Attending the Taos Poetry Circus in Taos, New Mexico, will always be for me like Miles Davis hearing Dizzy Gillespie and Charlie Parker for the first time in 1944. It is a feeling I’ll forever be trying to replicate. In the case of Miles, it is summed up in the book “Miles: The Autobiography” by Quincy Troupe:
LISTEN, The greatest feeling I’ve ever had in my life – with my clothes on – was when I first heard Diz and Bird back in 1944. I’ve come close to matching the feeling of that night, but I’ve never quite got there. I’m always looking for it, trying to always feel it in and through the music I play…
For me it is trying to recreate the Taos Poetry Circus through any of the SPLAB events, specifically the Cascadia Poetry Festival. So, participating in a poetry event in Taos for me is touched with the essence of some of the greatest experiences of poetry community I’ve ever experienced. I got a chance recently to go to Taos, perform some of my own Jazz Poetry at the Taos Mesa Brewing Company, “The Mothership”, emcee an evening of Jazz and Poetry with a killer quintet and several fine poets including Quincy Troupe.
The first occasion to reconnect with Quincy, who I’d met in Taos at the Circus, was early Friday morning, April 7, 2017, when he was waiting for my arrival to escort him to a local radio station for an interview. I was told I would conduct the interview, but it did not turn out that way, so I had a chance to be interviewed WITH Quincy and, being familiar with the material at hand, helped guide the process to something resembling what I might have done had the original plan been honored. I did have the sense to bring my handy Sony IC Recorder and captured the bulk of what went down.
As Star People is playing in the background (one of five Miles cds I dragged on two planes to Taos) Quincy tells of how he garnered almost immediate respect from Miles the time Quincy came to interview Miles for Spin Magazine. Listen to Part 1 – 2:39.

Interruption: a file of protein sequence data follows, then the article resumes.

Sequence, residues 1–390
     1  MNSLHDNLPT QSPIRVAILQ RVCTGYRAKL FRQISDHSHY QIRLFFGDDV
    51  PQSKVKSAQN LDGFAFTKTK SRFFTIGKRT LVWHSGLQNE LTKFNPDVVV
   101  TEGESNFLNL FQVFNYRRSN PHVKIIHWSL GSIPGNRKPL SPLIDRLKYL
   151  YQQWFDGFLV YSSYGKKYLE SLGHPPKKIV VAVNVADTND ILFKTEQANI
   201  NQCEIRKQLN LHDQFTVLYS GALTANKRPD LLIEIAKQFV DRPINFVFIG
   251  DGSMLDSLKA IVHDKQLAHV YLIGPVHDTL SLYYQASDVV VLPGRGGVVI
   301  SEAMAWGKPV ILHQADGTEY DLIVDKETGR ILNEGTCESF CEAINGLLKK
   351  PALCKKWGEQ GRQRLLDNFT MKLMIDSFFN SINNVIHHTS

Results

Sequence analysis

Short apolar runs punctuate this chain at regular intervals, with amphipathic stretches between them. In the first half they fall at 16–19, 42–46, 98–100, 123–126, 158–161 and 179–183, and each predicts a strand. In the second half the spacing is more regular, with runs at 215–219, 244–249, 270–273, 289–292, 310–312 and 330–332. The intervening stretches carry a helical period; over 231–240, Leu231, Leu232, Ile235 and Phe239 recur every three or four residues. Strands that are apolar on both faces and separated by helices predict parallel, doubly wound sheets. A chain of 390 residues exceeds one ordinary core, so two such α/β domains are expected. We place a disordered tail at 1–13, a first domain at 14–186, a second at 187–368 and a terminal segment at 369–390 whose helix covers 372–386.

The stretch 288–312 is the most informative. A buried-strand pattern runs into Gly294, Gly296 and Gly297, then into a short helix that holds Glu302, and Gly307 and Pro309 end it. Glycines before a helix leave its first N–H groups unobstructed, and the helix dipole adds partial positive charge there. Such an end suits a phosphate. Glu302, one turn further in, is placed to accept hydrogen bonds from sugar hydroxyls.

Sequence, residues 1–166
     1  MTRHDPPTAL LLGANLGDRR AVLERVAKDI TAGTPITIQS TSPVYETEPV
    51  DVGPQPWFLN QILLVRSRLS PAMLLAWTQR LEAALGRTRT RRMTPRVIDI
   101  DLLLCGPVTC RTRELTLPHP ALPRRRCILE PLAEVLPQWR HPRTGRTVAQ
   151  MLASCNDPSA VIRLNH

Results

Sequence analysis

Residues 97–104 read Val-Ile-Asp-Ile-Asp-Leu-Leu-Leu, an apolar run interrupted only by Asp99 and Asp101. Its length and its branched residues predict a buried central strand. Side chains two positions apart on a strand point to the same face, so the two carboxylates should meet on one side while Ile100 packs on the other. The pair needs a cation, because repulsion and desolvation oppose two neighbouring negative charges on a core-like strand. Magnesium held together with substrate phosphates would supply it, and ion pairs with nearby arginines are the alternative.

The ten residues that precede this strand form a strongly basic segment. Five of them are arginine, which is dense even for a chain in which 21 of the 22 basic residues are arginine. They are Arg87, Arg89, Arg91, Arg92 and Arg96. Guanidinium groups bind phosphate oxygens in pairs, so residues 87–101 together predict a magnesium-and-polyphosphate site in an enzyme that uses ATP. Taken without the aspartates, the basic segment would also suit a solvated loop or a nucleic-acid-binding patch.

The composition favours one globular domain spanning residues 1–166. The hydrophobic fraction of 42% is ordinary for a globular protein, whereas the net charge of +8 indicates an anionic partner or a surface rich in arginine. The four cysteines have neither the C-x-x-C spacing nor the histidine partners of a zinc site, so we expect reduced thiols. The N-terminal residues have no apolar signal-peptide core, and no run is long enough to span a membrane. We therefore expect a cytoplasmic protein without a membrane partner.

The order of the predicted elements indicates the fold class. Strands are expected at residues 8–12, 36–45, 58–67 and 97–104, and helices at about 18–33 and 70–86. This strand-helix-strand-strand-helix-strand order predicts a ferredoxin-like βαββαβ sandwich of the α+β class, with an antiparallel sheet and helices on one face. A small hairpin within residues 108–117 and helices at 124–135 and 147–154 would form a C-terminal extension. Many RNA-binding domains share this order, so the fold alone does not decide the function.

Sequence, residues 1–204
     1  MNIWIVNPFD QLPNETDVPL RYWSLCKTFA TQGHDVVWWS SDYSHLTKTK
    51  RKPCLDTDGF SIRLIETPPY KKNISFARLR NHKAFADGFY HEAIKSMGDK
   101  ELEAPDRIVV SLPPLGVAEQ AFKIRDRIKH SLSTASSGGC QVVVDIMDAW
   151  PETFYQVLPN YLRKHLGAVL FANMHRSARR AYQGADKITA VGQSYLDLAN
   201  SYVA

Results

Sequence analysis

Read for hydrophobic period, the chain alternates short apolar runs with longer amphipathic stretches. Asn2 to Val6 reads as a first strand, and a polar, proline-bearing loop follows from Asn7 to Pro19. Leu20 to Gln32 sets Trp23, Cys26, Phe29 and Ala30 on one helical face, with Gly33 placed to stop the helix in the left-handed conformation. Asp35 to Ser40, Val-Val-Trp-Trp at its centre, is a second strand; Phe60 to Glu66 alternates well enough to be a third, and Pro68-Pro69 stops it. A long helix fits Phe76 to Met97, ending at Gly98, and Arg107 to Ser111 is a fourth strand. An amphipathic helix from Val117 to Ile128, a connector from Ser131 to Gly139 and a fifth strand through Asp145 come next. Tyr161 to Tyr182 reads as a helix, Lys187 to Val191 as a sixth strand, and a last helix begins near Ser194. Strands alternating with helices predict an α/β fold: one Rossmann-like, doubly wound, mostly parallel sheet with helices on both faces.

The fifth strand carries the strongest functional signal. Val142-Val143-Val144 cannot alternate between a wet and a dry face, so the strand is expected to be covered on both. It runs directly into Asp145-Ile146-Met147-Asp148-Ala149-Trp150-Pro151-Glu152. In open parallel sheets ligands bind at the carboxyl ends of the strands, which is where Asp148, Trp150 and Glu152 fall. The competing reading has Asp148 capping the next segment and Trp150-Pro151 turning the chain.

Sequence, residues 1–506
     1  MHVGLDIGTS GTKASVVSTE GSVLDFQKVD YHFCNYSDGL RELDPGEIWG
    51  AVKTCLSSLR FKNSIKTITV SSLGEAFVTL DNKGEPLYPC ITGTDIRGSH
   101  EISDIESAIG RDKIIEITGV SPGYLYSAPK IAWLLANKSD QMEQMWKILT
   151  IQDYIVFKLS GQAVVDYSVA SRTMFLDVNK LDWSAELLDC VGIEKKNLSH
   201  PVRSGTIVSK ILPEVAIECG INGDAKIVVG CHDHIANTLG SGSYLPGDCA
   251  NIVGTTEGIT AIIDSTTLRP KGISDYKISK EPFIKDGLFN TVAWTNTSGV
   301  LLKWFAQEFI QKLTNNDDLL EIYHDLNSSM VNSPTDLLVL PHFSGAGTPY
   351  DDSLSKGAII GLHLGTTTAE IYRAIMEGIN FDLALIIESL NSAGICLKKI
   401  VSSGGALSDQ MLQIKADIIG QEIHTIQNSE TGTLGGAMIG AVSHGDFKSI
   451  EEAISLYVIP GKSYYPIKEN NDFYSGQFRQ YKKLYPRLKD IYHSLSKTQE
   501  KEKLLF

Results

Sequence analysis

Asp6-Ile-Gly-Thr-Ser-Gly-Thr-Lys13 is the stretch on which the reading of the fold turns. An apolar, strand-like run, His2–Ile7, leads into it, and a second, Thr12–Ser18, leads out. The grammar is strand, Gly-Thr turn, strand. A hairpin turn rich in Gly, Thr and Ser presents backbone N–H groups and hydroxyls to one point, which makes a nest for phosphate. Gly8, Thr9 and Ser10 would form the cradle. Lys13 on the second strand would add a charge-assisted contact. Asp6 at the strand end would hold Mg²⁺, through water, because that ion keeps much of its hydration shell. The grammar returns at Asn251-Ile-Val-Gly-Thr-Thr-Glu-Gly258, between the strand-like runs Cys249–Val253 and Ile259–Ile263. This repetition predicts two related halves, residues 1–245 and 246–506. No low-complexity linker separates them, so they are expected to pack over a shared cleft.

In the second segment Quincy talks about Miles visiting his good friend Sammy Davis Jr. near the end of that legendary entertainer’s life, displaying Miles sense of humor and humanity at the same time. Quincy also discussed how he decided to NOT see Miles after the stroke that helped end his life. Listen to Part 2 – 3:54.
In segment three Quincy talked about the first time he heard the music of Miles Davis and put nickels in the St. Louis fish-joint jukebox to hear Donna Lee. Listen to Part 3 – 2:29.
In the fourth segment Quincy relates how he was playing basketball in France, hurt his knee and was encouraged to write poetry by Jean Paul Sartre. Listen to Part 4 – 1:49.
In segment five Quincy reads from his poem Four and More for Miles Davis. Listen to Part 5 – 2:44.
In part six your humble narrator talks about reading Quincy’s jazz poems on the air at KPLU and how the Taos Poetry Circus was the gold standard of poetry events in the U.S. Listen to Part 6 – 2:23.
In part seven Quincy talks about his notion of Miles Davis being “an unreconstructed Black man. Listen to Part 7 – 3:55.
In segment eight Quincy relates the popularity of the music of Miles Davis, by talking about how a man deep in the bush in the Congo was playing Miles in his hut. Listen to Part 8 – 2:51.
To be in Taos again, was an honor. To perform with the Doug Lawrence Quintet, a band that knows how to accompany poets, was a treat and an honor and of course, sharing a stage with fine poets Anne MacNaughton, Amalio Madueño and the legendary Quincy Troupe is something I will savor for a long time.
There is more to tell about my visit to New Mexico, including our day in Santa Fe, visiting the Georgia O’Keeffe Museum and walking down Canyon Road, seeing some remarkable sculptures in front of many of the galleries on that street and also being able to practice Latihan in Santa Fe. Taos and Northern New Mexico is one of the most remarkable and unique places in the world. Thank you Taos Bebop Jazz Society for inviting me to be a part of your incredible work.